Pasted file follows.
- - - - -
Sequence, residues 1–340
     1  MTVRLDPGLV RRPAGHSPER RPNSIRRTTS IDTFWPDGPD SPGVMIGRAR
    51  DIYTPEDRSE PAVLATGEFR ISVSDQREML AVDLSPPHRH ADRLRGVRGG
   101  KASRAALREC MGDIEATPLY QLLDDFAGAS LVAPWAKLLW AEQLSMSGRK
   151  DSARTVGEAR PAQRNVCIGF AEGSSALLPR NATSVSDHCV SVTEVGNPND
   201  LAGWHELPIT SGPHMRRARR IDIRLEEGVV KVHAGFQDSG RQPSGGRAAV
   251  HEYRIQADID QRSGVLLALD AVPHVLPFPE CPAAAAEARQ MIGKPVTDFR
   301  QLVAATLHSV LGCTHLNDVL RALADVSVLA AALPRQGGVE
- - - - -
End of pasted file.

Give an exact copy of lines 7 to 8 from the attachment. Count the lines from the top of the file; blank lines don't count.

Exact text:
   251  HEYRIQADID QRSGVLLALD AVPHVLPFPE CPAAAAEARQ MIGKPVTDFR
   301  QLVAATLHSV LGCTHLNDVL RALADVSVLA AALPRQGGVE